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Vrindavan Parikrama

Parikrama, in Sanskrit, means ‘the path surrounding something’. As the meaning suggests, it is a circular path taken around a deity, an idol, a temple or a sacred hill. Circumambulation is the English term that refers to Parikrama and Pradakshina (meaning ‘to the right’) both of which are referred to in a religious context. It is an integral part in Hindu worship and a symbol of devotion and prayer.

What is six goswamis of Vrindavan Parikrama

A Parikrama or Pradakshina is only done in clockwise fashion, from left to right, very rarely otherwise. Most temple idols and deities face east or the rising sun and great significance is attached to the pradakshina; the number of rounds differ from deity to deity and sometimes, festivals and occasions. Usually done after the daily worship or pooja offered to the presiding deity, it is done with numbered or measured steps and with chanting of shlokas.

In Hinduism, parikrama is done around agni, the sacred fire, as in a marriage ceremony, the tulsi plant, and the neem and peepul trees. Some examples of parikramas are Vrindavan, Braj Mandal, Govardhana hill, Varanasi, Mathura-Vrindavan and Panchkosi etc. Other equally famous pradakshinas are the famous Girivalam (giri is hill and valam means around) of the Arunachala hill in Thiruvannamalai, Meenakshi temple in Madurai, Nataraj temple in Chidambaram, Murugan temple in Palani, Balaji temple in Tirupathi and the sea-side temple in Tiruchendur.

The Six Goswamis of Vrindavan

Six Goswamis of Vrindavan
In the early 15th century, the Bengali saint Chaitanya Mahaprabhu, considered to be a yuga-avatar of Shri Krishna, spread a deep influence in Hinduism through his poems and songs centred on Shri Krishna. He came from the Gaudiya Vaishnava lineage of Bengal, an ancient tradition of Vedic Hinduism prevalent during the 15th and 16 centuries. His philosophical presentation and teachings form the Bhakti Yoga Movement, a forerunner to the scriptural basis of the ISKCON, more popularly referred to as the Hare Krishna Movement.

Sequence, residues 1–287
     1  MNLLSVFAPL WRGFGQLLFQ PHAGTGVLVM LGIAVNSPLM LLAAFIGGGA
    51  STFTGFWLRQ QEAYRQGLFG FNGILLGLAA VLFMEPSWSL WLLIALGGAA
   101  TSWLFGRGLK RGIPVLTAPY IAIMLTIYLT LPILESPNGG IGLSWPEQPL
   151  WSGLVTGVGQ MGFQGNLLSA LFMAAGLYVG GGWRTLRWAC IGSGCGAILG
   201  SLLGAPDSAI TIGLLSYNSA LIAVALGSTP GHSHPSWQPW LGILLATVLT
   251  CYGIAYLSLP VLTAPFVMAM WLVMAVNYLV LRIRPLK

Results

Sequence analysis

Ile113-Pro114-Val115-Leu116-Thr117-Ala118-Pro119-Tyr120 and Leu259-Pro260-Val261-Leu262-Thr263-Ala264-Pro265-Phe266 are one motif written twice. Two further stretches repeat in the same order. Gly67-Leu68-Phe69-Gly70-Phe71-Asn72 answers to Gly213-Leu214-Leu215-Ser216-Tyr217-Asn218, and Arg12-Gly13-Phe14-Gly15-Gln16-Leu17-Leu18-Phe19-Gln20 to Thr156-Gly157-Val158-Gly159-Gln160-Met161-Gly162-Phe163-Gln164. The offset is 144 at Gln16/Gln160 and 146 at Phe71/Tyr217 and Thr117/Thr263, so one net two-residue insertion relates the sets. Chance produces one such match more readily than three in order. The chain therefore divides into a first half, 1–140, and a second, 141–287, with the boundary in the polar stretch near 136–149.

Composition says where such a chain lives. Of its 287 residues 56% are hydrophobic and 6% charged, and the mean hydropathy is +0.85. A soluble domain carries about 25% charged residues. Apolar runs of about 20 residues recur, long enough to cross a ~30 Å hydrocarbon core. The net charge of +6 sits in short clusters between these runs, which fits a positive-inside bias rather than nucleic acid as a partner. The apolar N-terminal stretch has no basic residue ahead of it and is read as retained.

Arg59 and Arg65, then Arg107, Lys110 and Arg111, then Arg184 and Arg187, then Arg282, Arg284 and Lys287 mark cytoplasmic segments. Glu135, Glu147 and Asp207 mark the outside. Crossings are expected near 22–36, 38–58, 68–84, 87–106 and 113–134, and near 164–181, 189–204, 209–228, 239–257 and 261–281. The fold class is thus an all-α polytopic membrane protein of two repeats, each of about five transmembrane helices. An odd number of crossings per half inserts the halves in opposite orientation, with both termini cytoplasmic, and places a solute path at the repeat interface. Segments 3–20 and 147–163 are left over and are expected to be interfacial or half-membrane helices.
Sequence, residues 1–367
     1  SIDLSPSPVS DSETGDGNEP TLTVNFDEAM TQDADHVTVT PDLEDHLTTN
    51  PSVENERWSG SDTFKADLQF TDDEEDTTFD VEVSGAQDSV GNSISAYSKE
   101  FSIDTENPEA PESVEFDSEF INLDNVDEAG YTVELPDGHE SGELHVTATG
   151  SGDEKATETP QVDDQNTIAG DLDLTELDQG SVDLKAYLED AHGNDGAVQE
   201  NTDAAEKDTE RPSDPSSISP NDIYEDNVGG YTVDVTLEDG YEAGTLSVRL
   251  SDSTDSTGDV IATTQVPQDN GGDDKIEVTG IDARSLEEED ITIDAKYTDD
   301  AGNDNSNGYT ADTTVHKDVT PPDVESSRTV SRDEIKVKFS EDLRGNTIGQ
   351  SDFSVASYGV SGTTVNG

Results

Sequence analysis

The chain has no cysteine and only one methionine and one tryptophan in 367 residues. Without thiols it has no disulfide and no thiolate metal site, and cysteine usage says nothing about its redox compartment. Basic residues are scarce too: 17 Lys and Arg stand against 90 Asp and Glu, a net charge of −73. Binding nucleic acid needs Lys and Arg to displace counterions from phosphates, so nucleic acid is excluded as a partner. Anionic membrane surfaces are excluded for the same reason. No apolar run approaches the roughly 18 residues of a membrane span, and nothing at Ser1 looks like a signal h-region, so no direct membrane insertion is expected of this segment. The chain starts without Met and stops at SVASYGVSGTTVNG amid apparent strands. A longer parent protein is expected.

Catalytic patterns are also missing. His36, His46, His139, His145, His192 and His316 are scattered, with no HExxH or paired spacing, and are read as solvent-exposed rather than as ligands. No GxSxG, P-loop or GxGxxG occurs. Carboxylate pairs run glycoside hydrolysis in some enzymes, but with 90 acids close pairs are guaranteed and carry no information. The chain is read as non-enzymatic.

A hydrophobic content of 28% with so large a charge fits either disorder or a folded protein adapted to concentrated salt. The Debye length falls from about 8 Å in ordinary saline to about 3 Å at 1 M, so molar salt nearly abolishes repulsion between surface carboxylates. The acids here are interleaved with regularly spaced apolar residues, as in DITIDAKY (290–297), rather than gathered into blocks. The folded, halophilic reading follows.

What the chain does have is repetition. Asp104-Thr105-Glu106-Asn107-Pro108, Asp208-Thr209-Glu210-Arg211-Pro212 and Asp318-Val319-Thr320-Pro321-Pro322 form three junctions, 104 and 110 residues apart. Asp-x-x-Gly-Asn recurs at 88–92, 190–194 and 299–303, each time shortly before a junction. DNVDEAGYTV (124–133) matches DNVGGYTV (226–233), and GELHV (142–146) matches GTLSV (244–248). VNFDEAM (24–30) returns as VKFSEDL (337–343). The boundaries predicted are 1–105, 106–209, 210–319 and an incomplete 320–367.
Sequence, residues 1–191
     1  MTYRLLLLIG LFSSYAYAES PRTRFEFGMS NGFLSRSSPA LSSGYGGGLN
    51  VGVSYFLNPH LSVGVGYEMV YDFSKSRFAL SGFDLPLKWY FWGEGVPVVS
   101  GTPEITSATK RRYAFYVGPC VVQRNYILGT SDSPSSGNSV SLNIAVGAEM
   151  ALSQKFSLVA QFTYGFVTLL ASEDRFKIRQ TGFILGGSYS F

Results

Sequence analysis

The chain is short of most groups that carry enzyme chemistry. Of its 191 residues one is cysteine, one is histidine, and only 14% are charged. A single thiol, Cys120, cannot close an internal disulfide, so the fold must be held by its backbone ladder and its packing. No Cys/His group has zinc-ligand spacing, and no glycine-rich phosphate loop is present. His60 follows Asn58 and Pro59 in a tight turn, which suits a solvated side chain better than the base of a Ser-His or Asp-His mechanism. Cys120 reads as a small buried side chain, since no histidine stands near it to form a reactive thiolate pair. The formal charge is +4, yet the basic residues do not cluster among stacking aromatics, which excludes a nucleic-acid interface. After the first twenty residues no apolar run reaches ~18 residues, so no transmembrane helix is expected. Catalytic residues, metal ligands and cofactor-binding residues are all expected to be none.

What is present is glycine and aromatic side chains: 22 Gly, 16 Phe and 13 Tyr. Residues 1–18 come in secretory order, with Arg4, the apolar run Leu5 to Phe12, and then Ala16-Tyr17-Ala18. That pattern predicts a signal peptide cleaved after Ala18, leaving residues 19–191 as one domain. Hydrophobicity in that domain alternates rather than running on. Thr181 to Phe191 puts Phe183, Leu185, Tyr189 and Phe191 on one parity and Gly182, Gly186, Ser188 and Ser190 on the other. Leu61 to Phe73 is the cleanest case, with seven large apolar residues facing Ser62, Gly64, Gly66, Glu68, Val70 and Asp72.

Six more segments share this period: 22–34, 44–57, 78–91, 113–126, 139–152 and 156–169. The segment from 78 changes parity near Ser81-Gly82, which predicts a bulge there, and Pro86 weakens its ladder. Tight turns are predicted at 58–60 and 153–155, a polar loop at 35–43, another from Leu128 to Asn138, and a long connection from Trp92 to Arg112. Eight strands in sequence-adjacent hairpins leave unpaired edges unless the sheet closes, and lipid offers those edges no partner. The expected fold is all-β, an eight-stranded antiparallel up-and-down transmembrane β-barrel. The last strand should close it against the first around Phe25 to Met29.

The Six Goswamis of Vrindavan, a group of devotional gurus, were followers of this Bhakti Yoga Movement. The Bhakti Yoga represented an extreme form of renunciation of worldly comforts and pleasures in the quest for salvation and to spread the divine word of Shri Krishna to the world. The Gaudiya-Vaishnava lineage they came from is a branch of Hinduism, more specifically Vaishnavism, as Krishna is considered to be the most perfect avatar of Lord Vishnu.

A large number of Goswamis of the Gaudiya-Vaishnava tradition were from aristocratic bearings and became ardent devotees of Krishna with Chaitanya Mahaprabhu as their spiritual leader. They left behind wealthy and influential lives, became drawn to the ideology of “simple living, high thinking” and became wandering mendicants, singing praises of Krishna, living on alms (madhukari) given by generous people, wearing loincloths (kaupins) and sleeping in the open.